Phillips Toy Mart in Nashville, Tenn., has been in business for 60 years, and according to Powell Phillips, the store’s current co-owner, the key words in this sentence are “in business.”
| “You don’t see many operations this size because it’s not easy.” — Powell Phillips, Phillips Toy Mart
“People sometimes come into the store and say, ‘Oh! This must be a lot of fun!’ Well, I’ve got my gray hairs for a reason!” Phillips told TDmonthly Magazine. “You don’t see many operations this size because it’s not easy.”
Phillips works with approximately 500 vendors and has 26,000 SKUs in his 11,000 square-foot store. Since a 10 percent profit margin at the end of the year is considered good, there’s not much room for error.
“By buying too much here or there, by not getting good freight deals, you get to the point where you don't make money,” he said.
Luckily for Phillips and his store, he made most of his buying mistakes at an early age. His parents, Powell Sr. and Lizzie-Mae, had opened a hardware/general store in the Nashville area in 1946. They added a few toys and, since toy production had been banned during World War II, “no one had seen anything like it in years.”
The store became all-toy, which was fine with Phillips and his sister, who were parked in a playpen in the store while their parents worked. The store grew with the kids and vice versa. Phillips officially took over in 1995 after his father died, and he built a larger store in its present high-end location.
When buying, he looks for areas where he’s “light.” He'd stayed away from books for years, for example, but recently brought them in as add-on and they're doing "really well," he said. He recently placed a comics rack near his hobby area, which seems to be attracting older kids.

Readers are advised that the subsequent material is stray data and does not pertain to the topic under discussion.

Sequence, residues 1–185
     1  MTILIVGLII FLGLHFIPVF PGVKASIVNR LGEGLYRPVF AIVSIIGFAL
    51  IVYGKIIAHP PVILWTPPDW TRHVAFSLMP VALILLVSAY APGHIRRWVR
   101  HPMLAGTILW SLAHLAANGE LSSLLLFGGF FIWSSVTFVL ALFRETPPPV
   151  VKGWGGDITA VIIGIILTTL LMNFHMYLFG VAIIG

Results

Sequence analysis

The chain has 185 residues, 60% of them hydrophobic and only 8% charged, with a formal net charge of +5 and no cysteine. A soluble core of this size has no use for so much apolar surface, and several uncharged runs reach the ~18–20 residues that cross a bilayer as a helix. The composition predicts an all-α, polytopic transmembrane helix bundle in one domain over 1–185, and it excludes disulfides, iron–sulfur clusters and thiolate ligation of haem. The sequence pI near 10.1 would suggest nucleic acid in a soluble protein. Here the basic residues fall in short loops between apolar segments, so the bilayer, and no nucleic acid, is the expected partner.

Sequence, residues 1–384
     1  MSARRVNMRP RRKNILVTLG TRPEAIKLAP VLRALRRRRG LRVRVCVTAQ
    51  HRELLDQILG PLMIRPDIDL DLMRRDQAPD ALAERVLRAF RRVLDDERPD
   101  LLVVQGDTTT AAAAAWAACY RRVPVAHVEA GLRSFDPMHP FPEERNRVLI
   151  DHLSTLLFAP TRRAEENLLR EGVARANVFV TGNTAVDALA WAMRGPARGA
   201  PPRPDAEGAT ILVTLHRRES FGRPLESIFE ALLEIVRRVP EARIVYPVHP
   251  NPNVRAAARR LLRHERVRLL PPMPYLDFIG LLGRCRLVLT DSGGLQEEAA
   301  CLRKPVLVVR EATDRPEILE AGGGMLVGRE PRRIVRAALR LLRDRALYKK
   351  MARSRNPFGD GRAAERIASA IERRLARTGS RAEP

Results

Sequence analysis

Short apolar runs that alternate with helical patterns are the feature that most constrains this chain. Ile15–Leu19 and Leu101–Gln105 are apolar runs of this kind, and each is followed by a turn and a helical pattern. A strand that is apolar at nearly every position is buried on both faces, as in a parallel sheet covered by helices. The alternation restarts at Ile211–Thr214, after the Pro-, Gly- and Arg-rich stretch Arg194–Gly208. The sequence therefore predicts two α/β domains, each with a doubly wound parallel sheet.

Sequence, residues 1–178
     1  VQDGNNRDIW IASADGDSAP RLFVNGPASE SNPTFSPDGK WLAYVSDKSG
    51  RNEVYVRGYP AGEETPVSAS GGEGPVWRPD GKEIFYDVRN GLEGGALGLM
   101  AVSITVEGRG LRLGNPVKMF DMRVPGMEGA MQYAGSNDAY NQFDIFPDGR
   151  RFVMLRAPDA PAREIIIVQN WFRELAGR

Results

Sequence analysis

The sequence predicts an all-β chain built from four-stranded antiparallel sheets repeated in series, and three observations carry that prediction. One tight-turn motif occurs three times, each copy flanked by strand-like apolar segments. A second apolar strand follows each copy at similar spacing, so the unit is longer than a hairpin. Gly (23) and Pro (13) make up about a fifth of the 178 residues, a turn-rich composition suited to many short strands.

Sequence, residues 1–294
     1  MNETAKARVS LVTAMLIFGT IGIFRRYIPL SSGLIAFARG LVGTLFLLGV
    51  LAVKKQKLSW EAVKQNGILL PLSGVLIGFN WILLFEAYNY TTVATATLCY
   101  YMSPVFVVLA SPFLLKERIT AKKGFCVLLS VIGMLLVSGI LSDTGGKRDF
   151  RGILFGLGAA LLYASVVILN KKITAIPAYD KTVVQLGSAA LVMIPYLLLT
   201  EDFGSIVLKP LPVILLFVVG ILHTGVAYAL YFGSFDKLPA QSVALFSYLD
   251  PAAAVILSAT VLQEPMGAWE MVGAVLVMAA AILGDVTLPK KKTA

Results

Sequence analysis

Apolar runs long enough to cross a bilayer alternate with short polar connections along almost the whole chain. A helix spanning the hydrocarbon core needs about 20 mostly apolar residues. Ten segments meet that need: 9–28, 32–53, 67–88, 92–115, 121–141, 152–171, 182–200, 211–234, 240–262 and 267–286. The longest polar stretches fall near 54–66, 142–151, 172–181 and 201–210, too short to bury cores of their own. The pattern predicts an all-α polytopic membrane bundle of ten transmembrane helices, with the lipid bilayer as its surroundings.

The vast selection of toys pulls in customers from all over Tennessee and beyond.
“A woman told me she ran into some people from Kansas in the Royal Museum in London. When she told them she was from Nashville, they said, ‘Oh, we always go to Phillips Toy Mart when we’re in Tennessee!’”
But it’s not just the selection and quality that draw in customers from all over, said Phillips. It’s the bunnies.
“McClure’s, a local independent department store, had an Easter display with live bunnies going on about 20 years, and it was a unique thing that attracted a lot of attention,” he explained. “The first thing I thought when they were going out of business was, ‘I want those bunnies.’”
He got them, and a McClure’s manager, too: Stan Rust, who helps keep his business running smoothly. Phillips is generally wiped out of the best merchandise by January, and has to quickly restock to be ready for the Easter stampede.
“We really want to look sharp and get those bunnies on TV,” he said. “It’s a good money month with the bunnies, and it’s great exposure. If customers are happy at Easter, they’ll be back for Christmas.”
So far, they’ve come back in such numbers that the store forgoes its normal free gift-wrapping service during the holidays. “We only have 33 parking spaces,” explained Phillips. “Our strategy is to get them in and out as soon as possible.”
Phillips warned wannabe toy-storeowners that the hobby industry has too small a profit margin for success. Specialty toys, though, are “fairly strong,” even with the constant march into the big-box stores such as Target and Toys R Us.
"People go to big-box stores and see Groovy Girls or Playmobil and then they come here to buy more,” he said. “We sell them at the same price, we have the entire lines, and we gift wrap for free.”
If that doesn’t get them, the bunnies will.